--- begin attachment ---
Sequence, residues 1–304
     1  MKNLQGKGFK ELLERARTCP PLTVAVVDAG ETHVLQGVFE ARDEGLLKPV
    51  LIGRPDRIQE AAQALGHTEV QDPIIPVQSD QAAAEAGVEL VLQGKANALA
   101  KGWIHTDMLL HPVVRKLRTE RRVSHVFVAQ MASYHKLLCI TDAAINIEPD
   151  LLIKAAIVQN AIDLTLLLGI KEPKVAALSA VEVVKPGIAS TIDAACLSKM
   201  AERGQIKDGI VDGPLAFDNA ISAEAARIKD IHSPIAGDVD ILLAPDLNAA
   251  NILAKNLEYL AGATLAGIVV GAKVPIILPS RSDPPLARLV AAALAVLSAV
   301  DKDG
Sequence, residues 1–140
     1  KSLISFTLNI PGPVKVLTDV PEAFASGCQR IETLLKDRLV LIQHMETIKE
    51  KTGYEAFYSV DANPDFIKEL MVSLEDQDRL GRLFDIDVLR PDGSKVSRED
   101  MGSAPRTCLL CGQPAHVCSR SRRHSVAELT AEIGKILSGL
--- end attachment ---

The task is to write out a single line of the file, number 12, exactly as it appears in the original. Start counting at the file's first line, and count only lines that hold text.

   101  MGSAPRTCLL CGQPAHVCSR SRRHSVAELT AEIGKILSGL